Security considerations for working in a COVID-19 world

April 23, 2020
Whether this migration of home-workers is temporary or long-term, solid cybersecurity practices should always take precedent

It is difficult to find a silver lining amongst a crisis such as the COVID-19 outbreak. However, as countless organizations elect to enable the remote workforce, or are forced to do so, we as a society are inadvertently conducting the largest business continuity stress tests in the history of our tech-enabled economy.

It is likely that some organizations will realize massive financial benefits as they determine that the physical office is no longer needed for their business. Many companies will compromise on more flexible work from home policies once daily life returns to normal after this crisis. Sadly, several businesses will not be able to adapt and survive in this rapidly changing environment.

While we can’t predict whether the outcome of this mass societal experiment will prove the validity of remote work for a given company or become a major hindrance to operations, we can address a major concern throughout the process: is your organization considering the information security impacts of invoking its business continuity plan?

Hello VPN

Many organizations that already have remote employees are familiar with the concept of a Virtual Private Network (VPN). This technology uses a tunneling protocol to allow remote employees to securely send or receive data across shared and public networks as if they were directly connected to the corporate network. If your company is new to teleworking, this should be a major consideration, as it secures the transmission of sensitive information across the public internet. Implementing a VPN alone is not enough. Already, we are hearing reports of organizations that had VPN solutions in place as part of their existing remote work policy but did not anticipate the scenario in which the entire workforce would be remotely accessing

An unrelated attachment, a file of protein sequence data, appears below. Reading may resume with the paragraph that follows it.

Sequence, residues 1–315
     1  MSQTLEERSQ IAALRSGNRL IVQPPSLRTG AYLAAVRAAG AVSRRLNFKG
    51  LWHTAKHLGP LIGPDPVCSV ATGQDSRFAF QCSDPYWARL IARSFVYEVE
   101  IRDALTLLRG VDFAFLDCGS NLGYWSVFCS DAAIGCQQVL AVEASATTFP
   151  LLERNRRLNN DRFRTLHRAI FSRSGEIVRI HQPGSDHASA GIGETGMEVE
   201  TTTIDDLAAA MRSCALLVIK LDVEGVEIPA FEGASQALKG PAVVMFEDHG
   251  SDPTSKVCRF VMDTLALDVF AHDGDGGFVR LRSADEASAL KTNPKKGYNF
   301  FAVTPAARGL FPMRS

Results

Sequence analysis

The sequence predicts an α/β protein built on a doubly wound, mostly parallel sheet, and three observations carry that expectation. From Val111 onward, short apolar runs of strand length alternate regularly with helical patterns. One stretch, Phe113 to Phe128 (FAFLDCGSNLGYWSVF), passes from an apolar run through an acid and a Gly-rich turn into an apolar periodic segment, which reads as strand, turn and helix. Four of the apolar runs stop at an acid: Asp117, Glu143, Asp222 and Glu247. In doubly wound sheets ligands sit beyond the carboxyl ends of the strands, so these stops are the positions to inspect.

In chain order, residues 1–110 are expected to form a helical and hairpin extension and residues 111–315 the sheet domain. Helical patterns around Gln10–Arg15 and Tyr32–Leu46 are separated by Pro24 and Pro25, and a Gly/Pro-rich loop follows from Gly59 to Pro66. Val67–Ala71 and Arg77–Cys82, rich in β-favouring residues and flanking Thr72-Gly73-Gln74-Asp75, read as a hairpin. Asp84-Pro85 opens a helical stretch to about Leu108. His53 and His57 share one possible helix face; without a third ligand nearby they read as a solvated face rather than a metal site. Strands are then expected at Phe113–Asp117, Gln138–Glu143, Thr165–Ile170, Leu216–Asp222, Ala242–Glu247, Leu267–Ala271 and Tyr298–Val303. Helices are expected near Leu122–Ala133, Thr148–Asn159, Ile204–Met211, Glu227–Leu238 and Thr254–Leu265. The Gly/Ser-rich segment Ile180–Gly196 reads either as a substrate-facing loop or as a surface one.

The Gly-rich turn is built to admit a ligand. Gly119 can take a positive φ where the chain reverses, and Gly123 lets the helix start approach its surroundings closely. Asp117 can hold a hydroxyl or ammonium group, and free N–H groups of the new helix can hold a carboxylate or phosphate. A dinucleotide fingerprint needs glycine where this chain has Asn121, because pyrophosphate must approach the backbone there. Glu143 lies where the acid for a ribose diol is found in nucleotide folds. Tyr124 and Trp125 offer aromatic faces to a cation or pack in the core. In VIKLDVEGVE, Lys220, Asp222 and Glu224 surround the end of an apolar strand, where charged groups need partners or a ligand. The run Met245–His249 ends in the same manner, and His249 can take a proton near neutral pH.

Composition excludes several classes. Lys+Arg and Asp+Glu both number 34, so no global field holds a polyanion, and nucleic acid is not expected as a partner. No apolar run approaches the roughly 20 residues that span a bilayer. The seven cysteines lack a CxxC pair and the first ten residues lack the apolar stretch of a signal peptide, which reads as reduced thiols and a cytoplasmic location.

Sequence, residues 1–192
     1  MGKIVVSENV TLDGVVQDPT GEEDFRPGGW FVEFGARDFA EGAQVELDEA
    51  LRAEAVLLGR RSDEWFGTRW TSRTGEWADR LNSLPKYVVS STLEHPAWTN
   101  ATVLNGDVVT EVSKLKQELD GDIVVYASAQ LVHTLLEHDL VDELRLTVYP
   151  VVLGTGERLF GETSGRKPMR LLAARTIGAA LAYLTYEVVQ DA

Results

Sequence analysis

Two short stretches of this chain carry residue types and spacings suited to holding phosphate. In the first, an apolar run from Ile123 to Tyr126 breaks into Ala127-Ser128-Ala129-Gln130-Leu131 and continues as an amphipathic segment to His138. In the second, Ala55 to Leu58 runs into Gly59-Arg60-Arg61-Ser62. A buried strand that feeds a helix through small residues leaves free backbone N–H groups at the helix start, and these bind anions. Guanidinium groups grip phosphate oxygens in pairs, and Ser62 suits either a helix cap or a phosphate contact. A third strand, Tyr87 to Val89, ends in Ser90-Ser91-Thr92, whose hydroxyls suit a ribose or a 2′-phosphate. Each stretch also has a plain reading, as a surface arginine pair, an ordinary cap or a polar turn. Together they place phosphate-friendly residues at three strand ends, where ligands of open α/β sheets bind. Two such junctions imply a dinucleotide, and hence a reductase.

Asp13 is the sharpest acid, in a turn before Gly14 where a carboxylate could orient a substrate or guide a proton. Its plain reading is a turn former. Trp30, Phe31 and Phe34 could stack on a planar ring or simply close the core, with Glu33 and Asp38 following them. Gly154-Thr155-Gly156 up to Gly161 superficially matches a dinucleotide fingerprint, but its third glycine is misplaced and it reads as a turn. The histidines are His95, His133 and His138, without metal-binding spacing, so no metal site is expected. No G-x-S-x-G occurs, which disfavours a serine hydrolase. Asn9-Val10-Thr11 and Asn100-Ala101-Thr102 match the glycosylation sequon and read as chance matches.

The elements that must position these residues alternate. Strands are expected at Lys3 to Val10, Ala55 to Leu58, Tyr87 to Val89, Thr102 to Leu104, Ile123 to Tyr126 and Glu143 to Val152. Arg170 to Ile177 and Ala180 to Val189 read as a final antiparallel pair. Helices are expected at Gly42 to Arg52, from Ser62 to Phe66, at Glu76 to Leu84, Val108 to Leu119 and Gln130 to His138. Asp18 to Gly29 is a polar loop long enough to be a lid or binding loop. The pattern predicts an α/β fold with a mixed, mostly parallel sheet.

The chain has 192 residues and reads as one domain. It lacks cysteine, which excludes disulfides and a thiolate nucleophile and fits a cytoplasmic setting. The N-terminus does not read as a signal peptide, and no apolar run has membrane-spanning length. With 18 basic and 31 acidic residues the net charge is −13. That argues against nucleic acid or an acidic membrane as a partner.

corporate resources at the same time. These organizations have had to restrict VPN usage to only mission-critical employees. The last obstacle your organization will want to address during this public health and economic crisis is a breach of sensitive data. This risk can be mitigated by accurately forecasting the capacity requirements needed to support an entirely remote workforce.

Be Prepared

Have a plan:

  • Establish and maintain an inventory of all the data and information assets handled by your organization
  • Classify your data and information assets
  • Prioritize the groups who need access to the VPN resources based on the information classification
  • Proactively inform employees which groups do or do not need to access the VPN

It is acceptable to tell certain users not to access via the VPN if they are not interacting with sensitive information. However, this communication should be proactive, rather than reactive. Otherwise, employees with a true need are put in a position where they must consider compromising the confidentiality of your company’s information in order to complete their work on time.